But these represent only the tip of the iceberg. As someone becomes addicted to Adderall, they will deal with some unpleasant symptoms, such as:

  • Constipation
  • Diarrhea
  • Headache
  • Nervousness
  • Dry mouth
  • Seizures or shaking that cannot be controlled
  • Restlessness or insomnia
  • Weight loss/appetite loss
  • Stomach pain

Adderall Side Effects

Using Adderall can lead to some bad side effects, especially if someone has been addicted to the drug for a very long time. Apart from bad sleep, headaches, seizures, weight loss, stomach pain, and other symptoms, one may also experience increased depression and anxiety, as well as stimulant-induced psychosis.

Furthermore, they may end up trying out other drugs alongside it because they do not think the Adderall “high” is enough for them. When they do not use the medication, they become depressed as the brain is already used to the substance.

Some individuals may also end up dealing with more severe side effects, including:

  • Seizures
  • Arm or leg numbness
  • Dizziness or vision changes
  • Chest pain
  • Muscular or verbal tics
  • Slow speech
  • Fever or exhaustion
  • Itchiness
  • Rashes
  • Hard time breathing or swallowing
  • Shortness of breath
  • Peeling or blistering skin
  • Tongue, eyes, face or throat swelling
  • Higher heart rate

Withdrawal Symptoms

After developing an addiction to Adderall, one will find it almost impossible to give up on it, and that is because they will experience withdrawal symptoms. A person cannot usually give up on Adderall alone due to withdrawal, and they will have to go through medical detox.

Usually, withdrawal lasts for a few days or months, depending on the person. It is very likely for some people to relapse during this time. Here are some withdrawal symptoms that may appear:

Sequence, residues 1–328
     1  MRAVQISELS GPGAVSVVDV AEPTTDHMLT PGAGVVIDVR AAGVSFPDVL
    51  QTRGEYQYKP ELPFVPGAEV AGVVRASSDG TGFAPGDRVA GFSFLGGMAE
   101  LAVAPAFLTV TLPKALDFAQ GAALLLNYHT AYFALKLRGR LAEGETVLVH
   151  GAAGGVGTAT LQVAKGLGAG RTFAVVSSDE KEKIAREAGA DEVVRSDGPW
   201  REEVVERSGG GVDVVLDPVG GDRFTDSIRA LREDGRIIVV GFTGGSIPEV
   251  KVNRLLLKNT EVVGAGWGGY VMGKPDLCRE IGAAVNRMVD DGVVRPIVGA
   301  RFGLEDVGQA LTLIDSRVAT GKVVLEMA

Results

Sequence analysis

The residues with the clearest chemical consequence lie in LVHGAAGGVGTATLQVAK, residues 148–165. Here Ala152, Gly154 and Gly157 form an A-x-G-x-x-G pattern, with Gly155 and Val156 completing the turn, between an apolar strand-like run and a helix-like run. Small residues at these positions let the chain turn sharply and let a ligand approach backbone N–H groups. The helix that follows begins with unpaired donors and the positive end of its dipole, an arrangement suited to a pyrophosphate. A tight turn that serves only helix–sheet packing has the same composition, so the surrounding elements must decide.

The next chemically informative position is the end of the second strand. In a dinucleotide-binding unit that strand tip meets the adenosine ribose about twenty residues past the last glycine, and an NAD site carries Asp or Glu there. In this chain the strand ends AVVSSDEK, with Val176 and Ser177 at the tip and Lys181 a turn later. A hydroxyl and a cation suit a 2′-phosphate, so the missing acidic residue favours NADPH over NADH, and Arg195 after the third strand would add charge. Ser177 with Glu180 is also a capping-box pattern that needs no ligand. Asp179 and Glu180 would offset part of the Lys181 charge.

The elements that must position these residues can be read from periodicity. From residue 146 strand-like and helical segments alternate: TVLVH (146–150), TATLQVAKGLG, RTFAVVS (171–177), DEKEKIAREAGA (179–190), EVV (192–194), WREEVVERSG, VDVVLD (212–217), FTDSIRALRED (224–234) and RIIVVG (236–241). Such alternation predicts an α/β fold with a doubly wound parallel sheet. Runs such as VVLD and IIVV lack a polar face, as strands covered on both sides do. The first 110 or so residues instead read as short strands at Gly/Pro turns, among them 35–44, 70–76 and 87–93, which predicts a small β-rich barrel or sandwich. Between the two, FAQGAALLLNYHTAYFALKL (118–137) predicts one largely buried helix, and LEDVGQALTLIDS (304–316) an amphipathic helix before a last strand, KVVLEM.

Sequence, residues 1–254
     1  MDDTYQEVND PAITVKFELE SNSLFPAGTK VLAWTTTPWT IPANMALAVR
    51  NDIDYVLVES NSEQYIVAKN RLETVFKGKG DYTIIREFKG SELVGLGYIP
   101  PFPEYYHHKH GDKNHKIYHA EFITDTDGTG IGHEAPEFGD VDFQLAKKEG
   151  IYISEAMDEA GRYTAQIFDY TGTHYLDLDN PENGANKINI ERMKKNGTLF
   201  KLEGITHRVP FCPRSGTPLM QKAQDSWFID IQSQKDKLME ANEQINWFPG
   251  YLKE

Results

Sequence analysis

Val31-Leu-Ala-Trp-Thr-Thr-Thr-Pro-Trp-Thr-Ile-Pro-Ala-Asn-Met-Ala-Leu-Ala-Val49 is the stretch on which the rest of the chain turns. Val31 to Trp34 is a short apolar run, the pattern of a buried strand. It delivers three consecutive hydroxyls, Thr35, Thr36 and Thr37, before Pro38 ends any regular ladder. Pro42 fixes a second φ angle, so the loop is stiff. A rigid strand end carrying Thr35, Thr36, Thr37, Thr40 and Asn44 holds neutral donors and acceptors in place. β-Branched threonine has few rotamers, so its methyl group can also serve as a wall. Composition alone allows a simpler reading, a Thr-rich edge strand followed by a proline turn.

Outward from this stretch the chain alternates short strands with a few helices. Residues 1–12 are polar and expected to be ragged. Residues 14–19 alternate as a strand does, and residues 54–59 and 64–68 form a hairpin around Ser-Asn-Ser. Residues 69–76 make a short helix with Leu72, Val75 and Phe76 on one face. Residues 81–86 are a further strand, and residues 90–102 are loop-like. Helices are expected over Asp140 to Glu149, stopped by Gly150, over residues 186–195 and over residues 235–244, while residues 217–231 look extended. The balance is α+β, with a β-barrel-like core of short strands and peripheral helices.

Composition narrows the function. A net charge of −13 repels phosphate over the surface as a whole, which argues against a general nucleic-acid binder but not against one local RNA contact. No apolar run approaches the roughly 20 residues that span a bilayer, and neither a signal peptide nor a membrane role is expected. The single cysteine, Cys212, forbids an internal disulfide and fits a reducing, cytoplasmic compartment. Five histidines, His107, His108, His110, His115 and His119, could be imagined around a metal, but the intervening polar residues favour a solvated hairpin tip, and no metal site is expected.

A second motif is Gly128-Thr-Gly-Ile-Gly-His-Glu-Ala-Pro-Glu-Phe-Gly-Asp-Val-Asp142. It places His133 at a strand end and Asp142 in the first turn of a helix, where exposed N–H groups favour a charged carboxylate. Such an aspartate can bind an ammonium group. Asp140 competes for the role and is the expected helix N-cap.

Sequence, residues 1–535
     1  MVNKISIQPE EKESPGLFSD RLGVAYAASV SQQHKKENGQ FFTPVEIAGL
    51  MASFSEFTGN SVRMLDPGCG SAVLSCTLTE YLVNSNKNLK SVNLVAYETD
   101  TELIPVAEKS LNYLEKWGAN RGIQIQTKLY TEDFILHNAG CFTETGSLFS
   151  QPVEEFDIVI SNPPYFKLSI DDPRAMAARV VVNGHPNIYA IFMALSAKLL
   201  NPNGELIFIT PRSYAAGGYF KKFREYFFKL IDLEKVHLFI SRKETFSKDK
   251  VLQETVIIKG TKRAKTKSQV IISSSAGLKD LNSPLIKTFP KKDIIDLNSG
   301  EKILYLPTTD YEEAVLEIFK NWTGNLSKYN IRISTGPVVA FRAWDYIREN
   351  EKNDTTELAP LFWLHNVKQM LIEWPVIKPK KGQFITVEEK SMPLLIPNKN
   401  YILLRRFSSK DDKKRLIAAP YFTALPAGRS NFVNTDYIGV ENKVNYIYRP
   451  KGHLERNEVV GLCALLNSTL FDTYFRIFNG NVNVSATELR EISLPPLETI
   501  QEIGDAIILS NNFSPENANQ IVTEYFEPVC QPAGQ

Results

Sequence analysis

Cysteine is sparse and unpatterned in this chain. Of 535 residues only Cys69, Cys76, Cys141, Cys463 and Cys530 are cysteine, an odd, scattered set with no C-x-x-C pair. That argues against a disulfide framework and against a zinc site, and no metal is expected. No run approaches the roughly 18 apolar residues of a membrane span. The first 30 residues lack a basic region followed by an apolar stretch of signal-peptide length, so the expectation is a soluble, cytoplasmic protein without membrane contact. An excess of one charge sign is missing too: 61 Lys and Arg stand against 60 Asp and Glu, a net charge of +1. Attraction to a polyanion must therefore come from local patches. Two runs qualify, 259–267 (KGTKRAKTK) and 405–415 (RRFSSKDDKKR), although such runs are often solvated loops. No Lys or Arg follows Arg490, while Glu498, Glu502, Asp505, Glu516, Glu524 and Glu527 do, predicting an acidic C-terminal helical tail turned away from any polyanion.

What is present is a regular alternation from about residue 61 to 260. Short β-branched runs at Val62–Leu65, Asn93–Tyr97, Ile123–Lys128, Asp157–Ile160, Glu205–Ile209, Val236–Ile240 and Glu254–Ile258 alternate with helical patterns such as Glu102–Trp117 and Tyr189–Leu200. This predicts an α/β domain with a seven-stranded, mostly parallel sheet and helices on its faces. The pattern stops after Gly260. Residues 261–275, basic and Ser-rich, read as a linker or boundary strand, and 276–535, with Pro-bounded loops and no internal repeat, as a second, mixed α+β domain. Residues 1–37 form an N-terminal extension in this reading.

• Dry mouth
  • Mood swings
  • Tremors
  • Having a hard time focusing
  • Low energy
  • Body pain
  • Short-term memory loss
  • Crying uncontrollably
  • Severe anxiety or panic attacks
  • Bad cravings
  • Depression

Reaching an Adderall Overdose

Adderall overdoses are not that common, but they are possible. Even if they are rare, that does not mean one should keep abusing the drug and take high doses.

When someone overdoses on Adderall, the symptoms will include:

  • Headaches
  • Tremors
  • Rapid breathing
  • Vomiting
  • Hallucinations
  • Fever that is 106.7 F or higher
  • Heart attack
  • Death

Treating Adderall Addictions

Adderall addiction affects people both physically and psychologically, and for this reason, they must go through treatment. First of all, the addict must undergo medical detox.

Then, to make sure a relapse is not going to happen, the person will have to go through behavioral therapy to find healthier coping mechanisms and learn to avoid triggers.

How Real Deal Can Help

Real Deal can take care of both detox and therapy for you, making sure you successfully give up on Adderall and improve your life. Our program offers a professional facility with trained specialists who know how to help people who deal with addiction or are going through withdrawal.

We’ll make sure to find the best treatment. After the drug is out of your system, we offer the best therapy to ensure your sobriety is maintained.

Make sure to reach out for help if you are struggling with an Adderall addiction and cannot stop using the drug. The sooner you reach out, the sooner you will be able to improve your life.

Visit Us Anytime.

1251 S. Sherman Suite 108

Richardson, TX 75081

CallMessage